With a view to prevention, it is important to know that some foods and drinks can act as diuretics. Certain types of fruit and vegetables (grapefruit, cabbage varieties and root vegetables), coffee, caffeinated teas, carbonated drinks and alcoholic drinks should be avoided or reduce the intake which may help improve your symptoms.
We have summarised here what you can do by way of prevention.
Incorporate safety nets in your everyday life
Make your everyday life easier if you frequently have the urge to pass urine or suffer with urinary incontinence using these simple measures can help:
- You can consider setting up your workplace so that you can quickly and easily reach the toilet with no trip hazards
- Always have spare clothing just incase you have an accident or spare incontinence products including wet wipes or cleansing foams so you can descreetly cleanse yourself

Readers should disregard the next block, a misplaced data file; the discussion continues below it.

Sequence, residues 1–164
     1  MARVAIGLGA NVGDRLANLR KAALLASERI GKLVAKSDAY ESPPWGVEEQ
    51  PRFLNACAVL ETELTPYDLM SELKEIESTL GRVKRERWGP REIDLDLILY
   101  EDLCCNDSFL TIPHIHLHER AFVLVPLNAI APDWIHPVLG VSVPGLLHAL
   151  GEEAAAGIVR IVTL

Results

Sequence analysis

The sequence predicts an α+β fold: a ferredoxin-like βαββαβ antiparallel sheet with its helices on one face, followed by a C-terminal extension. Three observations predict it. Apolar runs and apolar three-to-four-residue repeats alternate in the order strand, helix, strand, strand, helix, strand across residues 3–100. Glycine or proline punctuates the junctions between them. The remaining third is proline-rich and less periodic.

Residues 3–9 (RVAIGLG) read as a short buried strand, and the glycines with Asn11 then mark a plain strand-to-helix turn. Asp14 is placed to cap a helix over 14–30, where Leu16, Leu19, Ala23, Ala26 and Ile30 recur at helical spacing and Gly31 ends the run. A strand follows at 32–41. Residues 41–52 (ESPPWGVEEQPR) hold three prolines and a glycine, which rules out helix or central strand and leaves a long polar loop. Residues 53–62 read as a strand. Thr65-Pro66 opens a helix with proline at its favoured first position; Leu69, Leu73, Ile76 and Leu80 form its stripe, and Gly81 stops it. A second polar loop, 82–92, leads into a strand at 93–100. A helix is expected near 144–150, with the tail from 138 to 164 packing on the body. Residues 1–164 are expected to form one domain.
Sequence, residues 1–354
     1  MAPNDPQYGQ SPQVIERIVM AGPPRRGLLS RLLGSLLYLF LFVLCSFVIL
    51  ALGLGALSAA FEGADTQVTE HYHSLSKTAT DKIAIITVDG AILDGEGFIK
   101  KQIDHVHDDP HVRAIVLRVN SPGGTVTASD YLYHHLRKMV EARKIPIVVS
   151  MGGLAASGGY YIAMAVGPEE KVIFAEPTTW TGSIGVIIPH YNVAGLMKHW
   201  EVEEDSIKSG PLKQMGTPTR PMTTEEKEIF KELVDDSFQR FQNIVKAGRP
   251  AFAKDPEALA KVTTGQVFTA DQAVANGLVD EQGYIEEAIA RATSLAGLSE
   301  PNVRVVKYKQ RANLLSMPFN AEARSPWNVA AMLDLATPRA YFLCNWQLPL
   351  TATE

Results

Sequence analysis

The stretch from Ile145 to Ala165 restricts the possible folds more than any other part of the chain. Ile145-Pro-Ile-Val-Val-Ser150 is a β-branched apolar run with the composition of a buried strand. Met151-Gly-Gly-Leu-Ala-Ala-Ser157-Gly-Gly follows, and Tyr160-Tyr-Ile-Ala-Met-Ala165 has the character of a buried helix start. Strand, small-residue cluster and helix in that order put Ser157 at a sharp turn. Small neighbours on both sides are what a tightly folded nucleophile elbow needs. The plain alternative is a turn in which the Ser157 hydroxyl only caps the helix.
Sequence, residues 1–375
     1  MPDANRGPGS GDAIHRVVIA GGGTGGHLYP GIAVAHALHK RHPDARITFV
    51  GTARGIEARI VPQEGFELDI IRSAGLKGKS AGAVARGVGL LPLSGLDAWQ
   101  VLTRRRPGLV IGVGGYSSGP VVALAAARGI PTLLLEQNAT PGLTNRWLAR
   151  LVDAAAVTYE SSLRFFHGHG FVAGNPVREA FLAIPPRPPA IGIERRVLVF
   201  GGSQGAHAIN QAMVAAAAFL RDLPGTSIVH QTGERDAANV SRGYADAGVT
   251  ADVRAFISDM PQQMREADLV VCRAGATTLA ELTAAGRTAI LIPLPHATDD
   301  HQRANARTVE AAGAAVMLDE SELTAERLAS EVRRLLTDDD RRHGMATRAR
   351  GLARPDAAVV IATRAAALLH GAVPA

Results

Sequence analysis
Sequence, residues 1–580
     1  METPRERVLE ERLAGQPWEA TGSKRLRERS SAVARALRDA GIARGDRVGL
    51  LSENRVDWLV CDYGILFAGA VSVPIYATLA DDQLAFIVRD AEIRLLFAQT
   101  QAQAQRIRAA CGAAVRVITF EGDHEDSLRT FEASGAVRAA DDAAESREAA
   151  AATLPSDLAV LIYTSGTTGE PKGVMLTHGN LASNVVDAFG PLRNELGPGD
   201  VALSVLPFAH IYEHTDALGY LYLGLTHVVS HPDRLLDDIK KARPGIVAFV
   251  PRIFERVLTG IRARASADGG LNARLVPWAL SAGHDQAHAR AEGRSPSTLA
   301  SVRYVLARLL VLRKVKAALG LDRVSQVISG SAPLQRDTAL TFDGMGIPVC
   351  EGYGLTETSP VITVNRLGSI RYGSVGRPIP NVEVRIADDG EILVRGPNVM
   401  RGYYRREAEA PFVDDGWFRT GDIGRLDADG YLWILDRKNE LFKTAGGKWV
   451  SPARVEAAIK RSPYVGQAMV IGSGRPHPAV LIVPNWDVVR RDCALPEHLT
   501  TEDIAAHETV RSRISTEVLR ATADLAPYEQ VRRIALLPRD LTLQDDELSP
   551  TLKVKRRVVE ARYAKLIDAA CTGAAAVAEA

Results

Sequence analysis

- When you are somewhere new, find out how to get to a nearby toilet before you need to go. There are apps available that can help locate your nearest toilet
- It helps to plan breaks to relax and to avoid chaos. Stress and tension can increase bladder pressure. Maybe you could consider appropriate relaxation exercises.
- Consider clothing that is easy to undo or remove if you have urge incontinence as the last thing you need when you are desperate for the toilet is to undo lots of buttons, undo a belt or zip .3 Also wear dark clothing like black or navy as it is harder to see leaks should it happen.
Be brave enough to confide in others – even at work
The study previously mentioned showed that when people manage to open up to others, it can help them enormously. This does not just mean opening up to others affected by incontinence, relatives or friends, 39 per cent of the study participants with bladder weakness2 confess that they had not even confided to their partner. Having said that, 55 per cent of those surveyed said that they felt much better supported after the conversation.